I realized after this experience that I had to force myself to present to the world in a certain way – or suffer the consequences. The latter, unfortunately, actually fueled my silence. I feared “getting it wrong,” not just in Zimbabwe, where the language and cultural barrier was greater, but in the UK too. I’d spend hours without saying a word, waiting for the right moment. When I finally said something, I was often laughed at or chastised – I had said the wrong thing, at the wrong time, or at the wrong volume.

Speaking overall became more and more onerous, so I defaulted to silence. As I got older, my silence frustrated those around me, some of whom viewed it as a personal affront.

My experience in school is best summed up as, ‘Regularly getting in trouble despite trying to stay invisible.’ The same teachers who shouted at me in class for an interjection would also write in my reports that I needed to speak up more. When I was told off, I often didn’t understand what I had done wrong.

[Read: Is Your ADHD Causing Social Slip-Ups?]

But as one of a handful of kids of color in my school, I was never going to avoid my teachers’ unconscious (and in at least one case, definitely conscious) biases. They assumed I was unconfident, rude, and lazy — attributing anything unusual about me to the most visible difference, my complexion.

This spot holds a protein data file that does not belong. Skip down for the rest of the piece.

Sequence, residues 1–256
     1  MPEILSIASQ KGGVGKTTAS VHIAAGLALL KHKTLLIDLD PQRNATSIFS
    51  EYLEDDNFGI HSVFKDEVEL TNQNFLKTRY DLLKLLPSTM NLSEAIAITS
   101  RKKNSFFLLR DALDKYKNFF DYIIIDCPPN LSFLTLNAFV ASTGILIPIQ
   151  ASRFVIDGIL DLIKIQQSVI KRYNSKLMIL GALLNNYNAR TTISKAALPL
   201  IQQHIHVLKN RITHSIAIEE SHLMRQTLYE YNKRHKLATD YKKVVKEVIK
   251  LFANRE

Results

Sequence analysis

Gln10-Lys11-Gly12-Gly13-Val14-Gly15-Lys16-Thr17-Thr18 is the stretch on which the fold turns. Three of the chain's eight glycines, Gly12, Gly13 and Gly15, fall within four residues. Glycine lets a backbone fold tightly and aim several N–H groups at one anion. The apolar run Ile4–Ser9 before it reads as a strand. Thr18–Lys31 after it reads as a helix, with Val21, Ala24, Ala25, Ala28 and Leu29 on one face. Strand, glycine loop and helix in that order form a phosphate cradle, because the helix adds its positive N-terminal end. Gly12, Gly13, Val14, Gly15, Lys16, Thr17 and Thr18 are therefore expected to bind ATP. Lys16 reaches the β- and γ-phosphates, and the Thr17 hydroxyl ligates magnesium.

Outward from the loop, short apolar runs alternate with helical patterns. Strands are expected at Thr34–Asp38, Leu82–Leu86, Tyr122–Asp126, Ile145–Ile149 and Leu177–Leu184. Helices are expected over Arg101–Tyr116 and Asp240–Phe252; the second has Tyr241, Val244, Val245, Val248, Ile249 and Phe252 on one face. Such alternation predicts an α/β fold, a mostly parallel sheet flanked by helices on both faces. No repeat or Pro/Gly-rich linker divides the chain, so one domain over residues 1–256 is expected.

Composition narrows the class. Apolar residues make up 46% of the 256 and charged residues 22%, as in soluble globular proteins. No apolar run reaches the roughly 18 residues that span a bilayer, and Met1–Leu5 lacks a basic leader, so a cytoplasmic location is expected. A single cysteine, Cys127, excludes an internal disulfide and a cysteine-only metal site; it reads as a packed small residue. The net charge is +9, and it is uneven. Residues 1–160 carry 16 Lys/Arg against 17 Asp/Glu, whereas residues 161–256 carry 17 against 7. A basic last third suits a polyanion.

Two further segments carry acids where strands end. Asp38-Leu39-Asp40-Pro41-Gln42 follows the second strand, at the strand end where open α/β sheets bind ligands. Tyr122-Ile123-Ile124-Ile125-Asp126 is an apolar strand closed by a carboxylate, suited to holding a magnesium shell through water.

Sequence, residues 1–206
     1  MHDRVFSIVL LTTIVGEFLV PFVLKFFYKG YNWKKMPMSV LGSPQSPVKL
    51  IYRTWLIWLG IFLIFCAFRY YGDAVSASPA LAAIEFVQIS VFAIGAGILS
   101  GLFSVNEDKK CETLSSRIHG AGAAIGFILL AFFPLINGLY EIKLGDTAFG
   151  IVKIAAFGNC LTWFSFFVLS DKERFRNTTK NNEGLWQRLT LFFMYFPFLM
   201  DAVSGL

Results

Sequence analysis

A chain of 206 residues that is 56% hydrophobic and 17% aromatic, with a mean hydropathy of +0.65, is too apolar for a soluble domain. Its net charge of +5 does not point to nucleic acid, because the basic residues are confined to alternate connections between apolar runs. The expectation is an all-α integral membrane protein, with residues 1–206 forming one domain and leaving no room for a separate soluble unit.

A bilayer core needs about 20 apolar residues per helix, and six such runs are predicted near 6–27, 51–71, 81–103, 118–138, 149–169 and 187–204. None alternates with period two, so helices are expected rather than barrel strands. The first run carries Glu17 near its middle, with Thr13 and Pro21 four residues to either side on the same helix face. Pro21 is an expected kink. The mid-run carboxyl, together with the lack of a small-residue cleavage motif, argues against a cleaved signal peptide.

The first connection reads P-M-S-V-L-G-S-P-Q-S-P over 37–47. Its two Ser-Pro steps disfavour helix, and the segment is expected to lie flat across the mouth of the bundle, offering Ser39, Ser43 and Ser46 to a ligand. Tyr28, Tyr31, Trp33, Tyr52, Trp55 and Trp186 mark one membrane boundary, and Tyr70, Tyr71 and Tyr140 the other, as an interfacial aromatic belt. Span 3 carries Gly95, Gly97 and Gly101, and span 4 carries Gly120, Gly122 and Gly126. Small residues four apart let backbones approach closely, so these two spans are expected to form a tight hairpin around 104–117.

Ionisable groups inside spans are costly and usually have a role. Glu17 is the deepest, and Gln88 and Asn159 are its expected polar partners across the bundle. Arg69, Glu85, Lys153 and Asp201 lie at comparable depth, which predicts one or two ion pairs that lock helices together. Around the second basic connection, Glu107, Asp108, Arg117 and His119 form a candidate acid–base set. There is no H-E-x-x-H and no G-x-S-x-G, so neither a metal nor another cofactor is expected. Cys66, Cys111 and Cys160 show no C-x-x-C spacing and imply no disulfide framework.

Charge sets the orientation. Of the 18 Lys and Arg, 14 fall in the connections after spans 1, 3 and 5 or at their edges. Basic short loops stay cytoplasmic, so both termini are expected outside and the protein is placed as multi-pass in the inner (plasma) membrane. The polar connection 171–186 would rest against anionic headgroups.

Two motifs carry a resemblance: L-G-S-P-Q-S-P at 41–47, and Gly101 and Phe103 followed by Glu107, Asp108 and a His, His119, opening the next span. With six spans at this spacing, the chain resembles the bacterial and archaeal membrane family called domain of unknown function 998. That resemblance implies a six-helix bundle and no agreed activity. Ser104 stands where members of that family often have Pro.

So much of my unhappiness at the time was intangible and indefinable. I inhabited a white world most of the time, so the topic of race was avoided entirely, even by my loved ones. In the horrible moments when slurs and racist epithets were directed at me, I had no one to whom I could turn. I swallowed them down, fully believing that I and my differences were the problem. I barely knew how to make sense of these experiences and feelings internally, let alone how to articulate them to my white family.

As for my Black family, all they wanted of me was to be a ‘good’ woman – tidy, Christian, well-educated, well-off financially, married to a man, and raising children. (I’ve succeeded at exactly one of these). The stereotypical ‘tragic mulatto,’ I resigned myself to becoming somewhat of a disappointment to both families. I kept important parts of my identity back from each side and withdrew myself as it became too difficult to hide who I really was – who I really am.

Getting By as an Adult